The draw for FIFA’s 2022 Men’s World Cup took place in Doha, Qatar, and while the immediate chatter on Friday was about the individual games next November—mark your calendars for England vs. the U.S. the day after Thanksgiving—the sports business world is taking note of a different sort of matchup: the stark contrast between the 2022 Qatar World Cup and the 2026 version to be held in the U.S., Mexico and Canada.
“We’re going from the smallest footprint (for a World Cup) to the biggest by far,” FIFA’s chief competitions and events officer Colin Smith said earlier this year.
Qatar will be a unique World Cup for ticket holders. Never in the contemporary history of the World Cup has the distance between the stadiums been so short. Out of the eight stadiums in the competition, all in the greater Doha region, the two most distant are only 35 miles apart. Qatari organizers claim the proximity between the stadiums will “contribute to providing a more comfortable experience for the fans,” which, according to FIFA, will number around 1.5 million. Fans able to get tickets can easily watch two games a day and, in some cases, perhaps squeeze in a third game.
Accommodations, especially affordable ones, could be a concern, though. The lack of available hotel rooms in a country slightly smaller than Connecticut has been addressed, organizers say, by adding cruise ships, including two from Mediterranean Shipping Company, and fan villages (tents).
The 2026 World Cup will be a different ball game. While the stadiums will be spread out, nobody knows yet where the venues will be. Four years out, organizers are yet to decide on host cities in the three-nation tournament—the first multinational World Cup ever. For the 2014 World Cup in Brazil, 12 host cities were unveiled five years ahead of time, and for Russia 2018, FIFA announced the host cities in 2012.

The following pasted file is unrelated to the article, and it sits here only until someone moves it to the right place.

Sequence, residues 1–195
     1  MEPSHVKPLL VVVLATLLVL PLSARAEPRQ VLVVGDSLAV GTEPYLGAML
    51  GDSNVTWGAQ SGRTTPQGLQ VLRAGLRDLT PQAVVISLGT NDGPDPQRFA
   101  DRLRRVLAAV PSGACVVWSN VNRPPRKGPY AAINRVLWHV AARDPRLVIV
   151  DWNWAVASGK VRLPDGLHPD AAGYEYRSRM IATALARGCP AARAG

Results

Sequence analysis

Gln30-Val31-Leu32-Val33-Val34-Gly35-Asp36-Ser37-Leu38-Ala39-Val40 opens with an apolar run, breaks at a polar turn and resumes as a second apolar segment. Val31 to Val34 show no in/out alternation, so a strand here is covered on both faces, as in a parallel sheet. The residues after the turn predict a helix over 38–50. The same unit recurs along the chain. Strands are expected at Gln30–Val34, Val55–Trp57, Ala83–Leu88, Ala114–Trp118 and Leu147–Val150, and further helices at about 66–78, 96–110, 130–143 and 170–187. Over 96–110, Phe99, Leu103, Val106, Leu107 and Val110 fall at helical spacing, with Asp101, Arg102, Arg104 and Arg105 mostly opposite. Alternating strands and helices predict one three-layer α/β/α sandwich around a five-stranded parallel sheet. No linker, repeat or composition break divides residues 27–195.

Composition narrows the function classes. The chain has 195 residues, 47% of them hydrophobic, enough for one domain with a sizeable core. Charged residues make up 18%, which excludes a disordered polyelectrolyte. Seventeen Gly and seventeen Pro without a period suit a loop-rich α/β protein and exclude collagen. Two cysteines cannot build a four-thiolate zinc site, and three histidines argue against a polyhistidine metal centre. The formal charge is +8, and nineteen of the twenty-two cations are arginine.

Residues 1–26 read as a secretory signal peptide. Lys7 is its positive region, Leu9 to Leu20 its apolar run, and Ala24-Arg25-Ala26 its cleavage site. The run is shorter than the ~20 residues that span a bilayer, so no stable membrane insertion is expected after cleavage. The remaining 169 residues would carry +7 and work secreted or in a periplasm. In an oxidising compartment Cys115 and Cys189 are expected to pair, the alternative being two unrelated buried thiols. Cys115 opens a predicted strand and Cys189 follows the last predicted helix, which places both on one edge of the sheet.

The COVID-19 pandemic delayed 2026 site selections as the FIFA site inspection team insisted on visiting each candidate city. Since last September, they finished three rounds of visits. U.S. cities still in the running include Boston, Nashville, Atlanta, Orlando, Washington, D.C., Baltimore, New York/New Jersey, Philadelphia, Miami, Kansas City, Cincinnati, Dallas, Denver, Houston, San Francisco and Seattle.
Given that every U.S. candidate has an NFL stadium with more than 50,000 capacity, cities are expected to ramp up much more quickly than Qatar, where most of the eight stadiums were completed only recently.
Besides distance, the North American World Cup is adding another degree of difficulty: the size of the tournament itself. Qatar ’22 will be the last time the World Cup will be played among 32 teams. Next time around, the tournament draw will include 48 national squads. Organizing the qualifiers will be a monumental task, let alone coordinating the logistics of the group play once the draw is announced.
FIFA says the key will be ensuring teams are not crisscrossing the continent unnecessarily.